On How Rationing Works: Part II (deer encounter)

Last week I found myself stuck on a mountainside in the wild with less than a pint of water between Pann and I.  I had just gone to bed next to my old friend, comatose in his sleeping bag:


There’s a scene in a movie I recall in which a group of miners run out of water.  They wind up in a battle to the death when some learn of the hoarding of one of them that reduces the amount of water available to all.
I’d never been really thirsty before in the absence of the ability to take a drink, and that scene came vividly to my mind innumerable times that night.
I know how they felt.  It’s a bit of a stretch, for we weren’t lost or anything, and I would certainly be able to reach water in the morning, whether he could or not, but I couldn’t help thinking that it was a very good thing for Pann that we’re such good friends.  Hoarding a little water, or consuming more than was absolutely necessary while he slept, seemed like very appealing options to me.
Real thirst is ugly.  The break-down of civilized regard for one another is only a small step away.
I slept very fitfully, hardly being able to fall asleep because of my body”s scream for hydration.  My mouth was always dry, hardly producing enough moisture to keep my lips from cracking into open sores.  I  twice wet my lips from the canteen despite myself.
At the first sign of light I roused Pann and we discussed our options.  He wanted to try to walk out, even though he wasn’t feeling much better.  We ate the grapefruit like an orange, being sure not to lose any of its moisture, and set off in the predawn light.  I wanted to get as much distance under our belts as possible before it got warm.  It was about 5:00 a.m.
On the final stretch to the top a very odd event took place.  I’ve often thought about how a slightly different outcome could have changed the rest of this story drastically, perhaps for both of us.
Pann was moving very slowly, for his condition hadn’t actually improved much in spite of over  18 hours of sleep.  I was stopping ever ten or fifteen yards waiting for him to catch up.  The sun still hadn’t risen on the eastward slopes across the way from us, but it was pretty good lighting and the slope had almost leveled out as we approached the top of the ridge.
Suddenly something came crashing out of the brush on my left, coming directly at me.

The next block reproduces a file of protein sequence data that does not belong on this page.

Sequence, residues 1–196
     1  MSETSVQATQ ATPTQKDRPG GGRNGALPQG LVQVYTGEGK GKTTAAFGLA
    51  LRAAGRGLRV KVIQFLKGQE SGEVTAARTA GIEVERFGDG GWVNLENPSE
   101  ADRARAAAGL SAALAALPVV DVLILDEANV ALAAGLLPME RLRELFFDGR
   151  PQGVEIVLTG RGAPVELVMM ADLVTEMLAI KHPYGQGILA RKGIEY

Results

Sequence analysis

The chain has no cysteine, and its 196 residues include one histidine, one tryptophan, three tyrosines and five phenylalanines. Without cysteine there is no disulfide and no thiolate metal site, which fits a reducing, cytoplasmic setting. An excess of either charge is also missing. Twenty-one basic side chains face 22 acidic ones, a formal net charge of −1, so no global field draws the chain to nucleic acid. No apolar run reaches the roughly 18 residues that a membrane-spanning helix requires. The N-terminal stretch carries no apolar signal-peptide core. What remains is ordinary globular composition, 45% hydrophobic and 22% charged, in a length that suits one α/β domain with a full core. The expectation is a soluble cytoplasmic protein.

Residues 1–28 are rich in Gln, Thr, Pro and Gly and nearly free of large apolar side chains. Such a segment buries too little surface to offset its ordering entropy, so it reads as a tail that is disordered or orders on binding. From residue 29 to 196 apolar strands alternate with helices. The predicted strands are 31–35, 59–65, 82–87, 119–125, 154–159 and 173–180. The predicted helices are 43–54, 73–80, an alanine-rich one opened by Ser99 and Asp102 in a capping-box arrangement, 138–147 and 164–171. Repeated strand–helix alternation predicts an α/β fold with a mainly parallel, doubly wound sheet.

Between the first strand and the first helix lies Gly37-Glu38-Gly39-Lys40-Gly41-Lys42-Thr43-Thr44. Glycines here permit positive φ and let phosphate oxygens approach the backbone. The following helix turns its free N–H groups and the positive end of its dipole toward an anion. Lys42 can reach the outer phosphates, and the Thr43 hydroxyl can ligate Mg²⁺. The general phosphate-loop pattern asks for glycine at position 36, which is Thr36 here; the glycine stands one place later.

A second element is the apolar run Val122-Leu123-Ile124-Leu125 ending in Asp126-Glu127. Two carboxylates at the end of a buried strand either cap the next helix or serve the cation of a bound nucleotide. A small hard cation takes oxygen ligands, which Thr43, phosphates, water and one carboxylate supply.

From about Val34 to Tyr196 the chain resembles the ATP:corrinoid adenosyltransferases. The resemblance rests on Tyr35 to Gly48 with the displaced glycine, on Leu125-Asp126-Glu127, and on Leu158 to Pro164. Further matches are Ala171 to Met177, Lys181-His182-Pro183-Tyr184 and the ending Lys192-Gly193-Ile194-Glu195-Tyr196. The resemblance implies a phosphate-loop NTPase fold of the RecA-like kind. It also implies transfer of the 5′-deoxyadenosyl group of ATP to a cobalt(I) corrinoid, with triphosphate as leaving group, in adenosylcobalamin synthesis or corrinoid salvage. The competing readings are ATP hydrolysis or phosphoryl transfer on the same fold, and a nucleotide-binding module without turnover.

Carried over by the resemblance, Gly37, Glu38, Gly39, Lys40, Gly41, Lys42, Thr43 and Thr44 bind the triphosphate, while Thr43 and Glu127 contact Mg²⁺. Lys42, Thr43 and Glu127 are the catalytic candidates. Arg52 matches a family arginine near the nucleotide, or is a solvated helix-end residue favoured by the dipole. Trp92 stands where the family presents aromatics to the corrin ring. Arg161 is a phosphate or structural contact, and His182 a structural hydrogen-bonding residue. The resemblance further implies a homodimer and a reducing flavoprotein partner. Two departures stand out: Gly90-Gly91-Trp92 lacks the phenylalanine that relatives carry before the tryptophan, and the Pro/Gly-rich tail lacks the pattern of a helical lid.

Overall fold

“Jesus,” I thought, “a cougar or maybe a bear.”  The bear idea immediately seemed highly unlikely, for they virtually never attack humans here in the Sierras.
A cougar then.
I spun toward the sound and leveled the only weapon I had, my shepherd’s stick I always walked with-a prized possession I’d gotten in Hawes, England, on the same trip that had changed my life back in 1986.  If I could deflect the animal’s charge by a good swift punch with the stick, I might stand some kind of chance.
What came rushing at me, though, wasn’t a cougar, but a three or four point buck.  Bounding at full throttle, it was on a direct collision course with me.
“Hey!” I shouted.
Hearing and seeing me just before its last bounce in my direction, the deer veered slightly to my right and barely missed me.  I could have easily reached out and touched it as it passed by.
I looked at Pann, some ten yards behind me, both our faces slack and mouths wide open.  “What the fuck?” I said aloud.  Pann just looked at me, agog.
Then there was the sound of something else running my direction in the brush.  Apparently in hot pursuit of the deer, a coyote burst into view.  It spotted me immediately and, with a look reeking of surprise and utter disgust, it drew up abruptly, then swerved off into the undergrowth.
Everyhing immediately all made perfect sense.  The coyote was engaged in hunting with his pack.  They are famous for running prey in circles, each taking turns chasing a quicker, and/or larger, quarry into the area occupied by its colleague, who then picks up the chase, running the victim in a large circle until it is too exhausted to fend off the final attack.  The surprise clearly reflected the coyote’s reaction to a human being there at all; the disgust being how totally I had screwed things up for him and his friends.
How very different things would have gone for Pann and I if that deer hadn’t missed me.  I’d have at least been somewhat injured, and everything would have been different.
As it was, Pann became my hero that day.  He set the pace, and it was incredibly slow.  I never saw him take a step greater than the length of his foot, and each clearly was a maximal effort.  But he must have taken a million of them.
Incredible stamina, given his condition.  Incredible resolve.
(To be continued)

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